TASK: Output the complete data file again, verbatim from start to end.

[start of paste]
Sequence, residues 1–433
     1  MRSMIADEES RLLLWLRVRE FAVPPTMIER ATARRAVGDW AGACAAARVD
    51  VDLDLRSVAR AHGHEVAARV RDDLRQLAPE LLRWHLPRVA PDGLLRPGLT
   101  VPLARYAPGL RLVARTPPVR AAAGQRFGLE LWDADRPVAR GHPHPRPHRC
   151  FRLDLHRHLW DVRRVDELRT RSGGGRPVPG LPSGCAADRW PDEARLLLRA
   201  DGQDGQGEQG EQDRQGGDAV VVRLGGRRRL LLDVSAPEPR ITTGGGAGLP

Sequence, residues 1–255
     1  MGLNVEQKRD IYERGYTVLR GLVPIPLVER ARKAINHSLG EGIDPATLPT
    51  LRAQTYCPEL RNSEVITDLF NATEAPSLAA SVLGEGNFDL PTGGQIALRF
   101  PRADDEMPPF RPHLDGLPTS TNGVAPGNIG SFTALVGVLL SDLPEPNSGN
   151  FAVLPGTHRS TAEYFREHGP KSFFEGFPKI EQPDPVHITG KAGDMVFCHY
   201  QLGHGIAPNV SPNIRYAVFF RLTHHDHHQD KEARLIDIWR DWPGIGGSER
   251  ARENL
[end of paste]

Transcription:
Sequence, residues 1–433
     1  MRSMIADEES RLLLWLRVRE FAVPPTMIER ATARRAVGDW AGACAAARVD
    51  VDLDLRSVAR AHGHEVAARV RDDLRQLAPE LLRWHLPRVA PDGLLRPGLT
   101  VPLARYAPGL RLVARTPPVR AAAGQRFGLE LWDADRPVAR GHPHPRPHRC
   151  FRLDLHRHLW DVRRVDELRT RSGGGRPVPG LPSGCAADRW PDEARLLLRA
   201  DGQDGQGEQG EQDRQGGDAV VVRLGGRRRL LLDVSAPEPR ITTGGGAGLP

Sequence, residues 1–255
     1  MGLNVEQKRD IYERGYTVLR GLVPIPLVER ARKAINHSLG EGIDPATLPT
    51  LRAQTYCPEL RNSEVITDLF NATEAPSLAA SVLGEGNFDL PTGGQIALRF
   101  PRADDEMPPF RPHLDGLPTS TNGVAPGNIG SFTALVGVLL SDLPEPNSGN
   151  FAVLPGTHRS TAEYFREHGP KSFFEGFPKI EQPDPVHITG KAGDMVFCHY
   201  QLGHGIAPNV SPNIRYAVFF RLTHHDHHQD KEARLIDIWR DWPGIGGSER
   251  ARENL